A PMP is a Project Management Professional who has been granted the prestigious PMP certification issued by the Project Management Institute (PMI).
A non-profit organization, the leader in the US and worldwide, the PMI has started its activity in 1969 and has nowadays reached a net of nearly 3 million members who are continuously supported through education, networking, and above all through the project management standard, which gives them a common language to talk.
The PMI’s standard for project management is contained in the Project Management Body of Knowledge, the PMBOK, whose first edition was released in 1996 and which has recently reached the 6th edition.
Updating the PMBOK guide is a necessary process, which takes place every 4-5 years and is carried out by a highly competent committee of practitioners together with members of ANSI.
The history of the certification is even longer than the one of the PMBOK: the first PMI member certificate was issued in Philadelphia in 1984. Since then, the community of certified PMPs has grown to more than 650,000 worldwide!
Let’s take a look at how you can become a PMP and what you might actually do in the workforce.
What is a Project Manager and What Does a PM Do?
How do people get PMP certified?
The PMP certification is surely not for everyone: a selection is made by PMI in order to keep the level high. The first roadblock is met immediately: in order to access the exam, the candidate must have been working as a project manager for 4,500 or 7,500 hours, depending on their previous PMP training.
Other than that, it is necessary to pass an officially recognized 35 hours of project management education before applying.
The PMP exam itself, which is undoubtedly not easy with its 200 challenging questions to be answered in four hours, is the last step of the selection process carried out by the PMI.
The very good news is that, after this hard path, the fatigue of meeting all the certification requirements is well paid.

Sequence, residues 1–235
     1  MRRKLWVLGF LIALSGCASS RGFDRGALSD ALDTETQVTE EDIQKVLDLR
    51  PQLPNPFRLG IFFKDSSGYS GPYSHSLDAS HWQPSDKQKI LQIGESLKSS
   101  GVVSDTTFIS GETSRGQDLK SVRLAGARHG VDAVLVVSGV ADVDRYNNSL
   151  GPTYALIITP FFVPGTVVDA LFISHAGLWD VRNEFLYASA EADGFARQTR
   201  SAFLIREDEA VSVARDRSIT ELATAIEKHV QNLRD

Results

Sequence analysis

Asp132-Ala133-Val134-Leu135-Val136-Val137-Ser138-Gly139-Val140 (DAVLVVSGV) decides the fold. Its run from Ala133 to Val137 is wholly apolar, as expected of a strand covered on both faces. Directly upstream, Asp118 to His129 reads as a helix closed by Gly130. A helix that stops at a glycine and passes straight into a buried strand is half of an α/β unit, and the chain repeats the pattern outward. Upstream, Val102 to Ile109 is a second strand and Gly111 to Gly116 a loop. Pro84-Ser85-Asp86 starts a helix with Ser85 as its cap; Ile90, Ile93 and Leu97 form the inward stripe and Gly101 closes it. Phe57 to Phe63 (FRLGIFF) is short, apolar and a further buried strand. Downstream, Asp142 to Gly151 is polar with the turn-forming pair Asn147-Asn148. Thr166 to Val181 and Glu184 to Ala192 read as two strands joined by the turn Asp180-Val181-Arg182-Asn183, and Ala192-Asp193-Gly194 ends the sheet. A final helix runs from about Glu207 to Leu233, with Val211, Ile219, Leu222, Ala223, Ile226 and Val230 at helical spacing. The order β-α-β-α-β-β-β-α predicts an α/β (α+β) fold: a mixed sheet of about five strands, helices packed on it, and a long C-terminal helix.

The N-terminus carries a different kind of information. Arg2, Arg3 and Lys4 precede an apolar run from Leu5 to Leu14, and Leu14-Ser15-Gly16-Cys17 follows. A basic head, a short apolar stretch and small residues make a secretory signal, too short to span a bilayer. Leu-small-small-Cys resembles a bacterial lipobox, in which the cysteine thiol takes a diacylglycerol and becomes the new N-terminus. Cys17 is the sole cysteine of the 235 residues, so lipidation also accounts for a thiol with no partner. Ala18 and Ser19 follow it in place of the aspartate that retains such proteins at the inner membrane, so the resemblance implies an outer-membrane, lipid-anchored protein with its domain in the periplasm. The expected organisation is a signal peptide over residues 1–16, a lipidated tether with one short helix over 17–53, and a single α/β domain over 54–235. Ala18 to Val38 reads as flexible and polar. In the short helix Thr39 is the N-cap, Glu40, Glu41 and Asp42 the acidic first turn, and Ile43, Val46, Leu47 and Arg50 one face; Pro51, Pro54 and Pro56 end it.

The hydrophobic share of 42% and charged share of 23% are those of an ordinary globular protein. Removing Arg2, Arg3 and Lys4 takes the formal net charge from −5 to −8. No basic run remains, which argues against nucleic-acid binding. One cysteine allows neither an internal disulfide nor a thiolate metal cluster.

The PMP certification has reached such a level of fame that it is often inserted as a preference or a pre-requisite in the job posts prepared by the employers worldwide. Also, the salary offered to a PMP is usually higher than the one offered to a non-certified project manager.
With that said, let’s explain why the PMP certification is such a sought after credential. Additionally, let’s discuss why it’s a good idea for non-members to achieve this professional certification if you are an experienced project manager.
What Do Project Management Professionals Do?
Projects are run everywhere in the world; they can be defined as temporary endeavors which create something new. Hence, this makes it easily understandable as to why they are so widespread and project management experience is so valuable.
Just think about an institution which has to migrate its information system to a new one, or a group of people who want to create a startup, or a chemical company which is planning to automate some of its production processes: they all are examples of organizations which need projects as a part of their strategic objectives.
To manage innovation in a structured way, project managers are highly requested in the work’s market, and even more so, the certified project managers.
The work of a PMP is similar to most project managers. However, the difference that a PMP refers to a precise standard, talks their own language and is able to interpret reality and interact with it with a confidence that is given by both the experience and the PMBOK.
Where Do Project Managers Work?
From the more obvious manufacturing industries, software development and engineering companies, till the least obvious research institutes, no-profit organizations, journals, it can be said that the employment opportunities for a project manager are wide as the number of possible temporary endeavors which create something new.
A project manager may work inside an organization or outside it as a freelancer, may manage a standard team or a virtual one, may do most of the work in office or online, and also her-his authority and autonomy may change considerably, influenced by the different organizations’ frameworks and cultures.
Because of this huge variability, and because is always dealing with innovation, there is not in the world a project manager doing the exact same job of another, or one who will repeat exactly the same work done in the past.
Nevertheless, there is something that typically does not change: a project manager will always deal with stakeholders and their requirements, lead or coordinate a team, and have the mission to reach the project’s objectives inside the constraints of time, scope, cost and quality.
For doing this, one of the main activities of the project manager will be communicating with the stakeholders, and reporting to the higher management about the actual and forecasted performances of the project.
This is, in a nutshell, the work of every PMP: a professional with the opportunity of a brilliant career, given by the high responsibility positions covered, the exposure to the Board of Directors, and the many possibilities to prove her-his value through that path of challenging endeavors which is project management.
Ready to Become a PMP?
The first step in becoming a PMP, aside from gaining work experience, is to study for the exam. Check out these courses to see which one will help you pass the exam the fastest and jump start your career as a PMP.